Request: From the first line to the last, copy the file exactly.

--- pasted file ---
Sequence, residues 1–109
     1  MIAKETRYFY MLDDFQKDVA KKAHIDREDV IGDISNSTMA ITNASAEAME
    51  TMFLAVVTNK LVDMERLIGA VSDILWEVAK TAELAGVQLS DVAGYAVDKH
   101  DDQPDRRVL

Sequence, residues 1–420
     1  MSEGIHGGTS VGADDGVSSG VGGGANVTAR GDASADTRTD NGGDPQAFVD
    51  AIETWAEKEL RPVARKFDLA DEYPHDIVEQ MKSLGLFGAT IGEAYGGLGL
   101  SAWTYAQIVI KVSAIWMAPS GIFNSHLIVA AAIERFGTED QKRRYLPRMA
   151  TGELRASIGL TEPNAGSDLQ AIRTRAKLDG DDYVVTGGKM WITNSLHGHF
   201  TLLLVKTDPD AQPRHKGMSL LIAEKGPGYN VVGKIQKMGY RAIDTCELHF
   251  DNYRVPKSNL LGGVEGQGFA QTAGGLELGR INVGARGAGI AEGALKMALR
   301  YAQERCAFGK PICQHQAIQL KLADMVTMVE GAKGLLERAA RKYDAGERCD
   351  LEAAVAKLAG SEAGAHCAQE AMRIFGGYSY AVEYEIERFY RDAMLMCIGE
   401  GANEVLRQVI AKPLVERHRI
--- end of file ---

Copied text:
Sequence, residues 1–109
     1  MIAKETRYFY MLDDFQKDVA KKAHIDREDV IGDISNSTMA ITNASAEAME
    51  TMFLAVVTNK LVDMERLIGA VSDILWEVAK TAELAGVQLS DVAGYAVDKH
   101  DDQPDRRVL

Sequence, residues 1–420
     1  MSEGIHGGTS VGADDGVSSG VGGGANVTAR GDASADTRTD NGGDPQAFVD
    51  AIETWAEKEL RPVARKFDLA DEYPHDIVEQ MKSLGLFGAT IGEAYGGLGL
   101  SAWTYAQIVI KVSAIWMAPS GIFNSHLIVA AAIERFGTED QKRRYLPRMA
   151  TGELRASIGL TEPNAGSDLQ AIRTRAKLDG DDYVVTGGKM WITNSLHGHF
   201  TLLLVKTDPD AQPRHKGMSL LIAEKGPGYN VVGKIQKMGY RAIDTCELHF
   251  DNYRVPKSNL LGGVEGQGFA QTAGGLELGR INVGARGAGI AEGALKMALR
   301  YAQERCAFGK PICQHQAIQL KLADMVTMVE GAKGLLERAA RKYDAGERCD
   351  LEAAVAKLAG SEAGAHCAQE AMRIFGGYSY AVEYEIERFY RDAMLMCIGE
   401  GANEVLRQVI AKPLVERHRI